The Food & Mood Centre at Deakin University defines the gut microbiome as “the trillions of [microbiota] and their genetic material that live in your intestinal tract.” And according to The Nutrition Source (TNS) by Harvard T.H. Chan School of Public Health, “Each person has an entirely unique network of microbiota that is originally determined by one’s DNA.”
As you grow, the diet you consume, the environment you live in, and your eating habits can impact this complex ecosystem, changing it for better or worse. Depending on how balanced the microbiota in your microbiome is, they can be either helpful or harmful to your body’s processes.
As TNS explains, “In a healthy body, pathogenic and symbiotic microbiota coexist without problems.” Dysbiosis occurs when there are disturbances in the bacterial balance due to various factors, including illness, dietary choices, and medications. When your microbiome is out of sync, you become more vulnerable to inflammation, disease, and other complications.
Over the years, it’s become clear how important a balanced microbiome (or a “healthy gut”) is to overall well-being. Researchers are investigating how it relates to everything from mental wellness and immunity to oral health. So, yes, your gut microbiome affects your mouth, too. Here’s how!
The Oral-Gut Connection
In an article for RDH (Registered Dental Hygienists) Magazine, dental hygienist Carrie McHill explains that oral pathogens can disrupt the gut’s functions and vice versa. She emphasises that “one of the contributing factors to periodontal disease lies in the health of bacteria in the gut.”
When bacteria invade gum pockets in the mouth, they can travel through the body via the epithelial lining, leading to systemic inflammation. And when the same bacteria reach the gut, they can exacerbate inflammation further.
According to McHill, “By affecting the gut, oral pathogens thus affect all the functions the gut carries out.” That means your body’s defences against additional oral health threats become less effective, too. In other words, it creates an endless cycle of disease and inflammation.
On the flip side, “The oral environment is likewise affected by the dysbiosis of the gut microbiome. The overgrowth of harmful bacteria can contribute to oral health issues.” She points to oral dysfunctions like tongue swelling, lesions, and inflamed gums as indicators and side effects of poor gut health.
5 Practical Tips for a Balanced Gut Microbiome
Don’t let all the complicated scientific jargon overwhelm you! Taking care of your gut and the network of bacteria within it can be simple. Here are a few things you can do today to balance your microbiome.
1. Eat a high-fibre diet.
Some types of dietary fibre can act as prebiotics, helping nurture the beneficial bacteria in the gut. These prebiotic fibres include ingredients like garlic, onions, and chickpeas. Additionally, a high-fibre diet can improve digestion and the absorption of nutrients. Aim to have portions of vegetables and whole grains (i.e., oats and brown rice) in every meal to ensure you’re getting your fill of fibre.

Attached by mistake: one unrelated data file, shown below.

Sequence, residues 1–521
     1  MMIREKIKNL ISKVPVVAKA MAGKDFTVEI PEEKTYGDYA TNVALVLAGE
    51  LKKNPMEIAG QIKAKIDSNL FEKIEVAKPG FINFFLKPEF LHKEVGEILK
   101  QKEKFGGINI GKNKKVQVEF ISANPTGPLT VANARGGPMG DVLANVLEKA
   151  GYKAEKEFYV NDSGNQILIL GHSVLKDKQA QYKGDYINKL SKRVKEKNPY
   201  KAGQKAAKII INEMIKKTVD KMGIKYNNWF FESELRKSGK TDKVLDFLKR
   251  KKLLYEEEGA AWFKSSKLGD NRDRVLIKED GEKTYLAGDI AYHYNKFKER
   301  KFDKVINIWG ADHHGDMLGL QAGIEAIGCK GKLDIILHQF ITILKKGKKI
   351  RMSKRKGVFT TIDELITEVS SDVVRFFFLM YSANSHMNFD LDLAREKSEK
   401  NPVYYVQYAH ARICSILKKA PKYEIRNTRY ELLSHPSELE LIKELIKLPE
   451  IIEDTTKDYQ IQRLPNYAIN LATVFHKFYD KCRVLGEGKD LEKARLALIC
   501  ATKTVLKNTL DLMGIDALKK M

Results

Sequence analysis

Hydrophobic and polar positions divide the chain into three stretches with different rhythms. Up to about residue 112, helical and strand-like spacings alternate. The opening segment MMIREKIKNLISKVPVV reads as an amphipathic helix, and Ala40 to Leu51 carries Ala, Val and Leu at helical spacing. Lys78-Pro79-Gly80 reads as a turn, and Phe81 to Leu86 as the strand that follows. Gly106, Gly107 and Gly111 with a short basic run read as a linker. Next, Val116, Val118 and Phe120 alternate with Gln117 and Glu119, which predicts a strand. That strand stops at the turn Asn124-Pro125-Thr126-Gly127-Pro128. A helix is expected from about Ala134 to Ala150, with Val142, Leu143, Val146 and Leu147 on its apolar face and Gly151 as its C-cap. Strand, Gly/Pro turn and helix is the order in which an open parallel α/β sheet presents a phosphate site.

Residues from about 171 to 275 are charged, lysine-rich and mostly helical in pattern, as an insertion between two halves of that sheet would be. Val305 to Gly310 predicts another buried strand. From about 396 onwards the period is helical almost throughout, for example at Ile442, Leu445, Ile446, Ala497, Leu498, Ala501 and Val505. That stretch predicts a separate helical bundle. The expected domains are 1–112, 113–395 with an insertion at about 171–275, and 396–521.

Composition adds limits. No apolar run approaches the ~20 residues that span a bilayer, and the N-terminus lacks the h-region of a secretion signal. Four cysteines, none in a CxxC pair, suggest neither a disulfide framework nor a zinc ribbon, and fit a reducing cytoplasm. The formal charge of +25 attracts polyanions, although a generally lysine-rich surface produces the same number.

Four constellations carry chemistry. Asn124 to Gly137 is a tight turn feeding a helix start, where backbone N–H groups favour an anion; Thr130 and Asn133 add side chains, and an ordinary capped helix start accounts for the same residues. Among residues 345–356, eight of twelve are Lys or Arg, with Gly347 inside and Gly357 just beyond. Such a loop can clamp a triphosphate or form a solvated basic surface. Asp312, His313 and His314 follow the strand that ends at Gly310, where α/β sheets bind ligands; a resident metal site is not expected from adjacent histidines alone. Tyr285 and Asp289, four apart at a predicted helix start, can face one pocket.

2. Focus on diverse and whole foods.
Consuming a wide variety of whole foods (like fruits, vegetables, and grains) can promote microbial diversity, which helps keep your microbiome in tip-top shape. Whole foods also tend to be nutritionally dense and rich in fibre. On the other hand, highly processed foods (like sugary snacks and refined grains) offer fewer essential nutrients and more inflammatory additives like unhealthy fats.
3. Learn to love probiotics.
Probiotics are live microorganisms that help balance the “good” and “bad” bacteria in the gut. Certain probiotics also aid in the digestion of carbs, protein, and fat. Fermented foods like yoghurt, sauerkraut, and kimchi are a few widely accessible probiotic sources and are easy to integrate into most meals. You can also take probiotic supplements as an additional measure.
4. Take antibiotics only when advised by your doctor.
Antibiotics treat bacterial infections by killing or inhibiting the growth of bacteria. Unfortunately, these medications can’t always distinguish between harmful and beneficial bacteria, so they tend to affect both. As a result, your microbiome can become unbalanced. That’s why you should only take antibiotics when prescribed by a doctor, keeping intake to the recommended duration.
5. Maintain good oral hygiene.
As McHill explores in RDH Magazine, whatever happens in the mouth has the potential to impact the gut. While keeping up with your oral hygiene routine will always be the right call, its positive effects on gut health are a bonus. So, brush and floss regularly to banish disease-causing bacteria, and undergo regular dental checkups to catch any issues before they worsen.
If you have crooked teeth, consider investing in teeth-straightening solutions like ClearCorrect aligners to improve the cleaning process. How does that work? Many dental experts believe well-aligned dentition is easier to care for since you’re less likely to miss hard-to-reach areas when brushing or flossing. And during treatment, you can easily pop them off when it’s time to clean. Convenient, yes?
The gut microbiome is so integral to bodily functions that many researchers consider it an organ. Neglecting it spells trouble for your overall health. So, tend to it as best you can! Not only will it be good for your gut, but it’ll also be good for your teeth and everything else.
Department of Health & Human Services. (n.d.-c). Gut health. Better Health Channel.
Harvard Health. (2020, August 24). How to get more probiotics.
McHill, C. M. (2021, July 21). Gut health: A key link between oral and systemic wellness. RDH Magazine. Retrieved June 21, 2023, from
The Microbiome. (2022, July 25). The Nutrition Source.
What is the Gut Microbiome? (2021, December 13). Food and Mood Centre.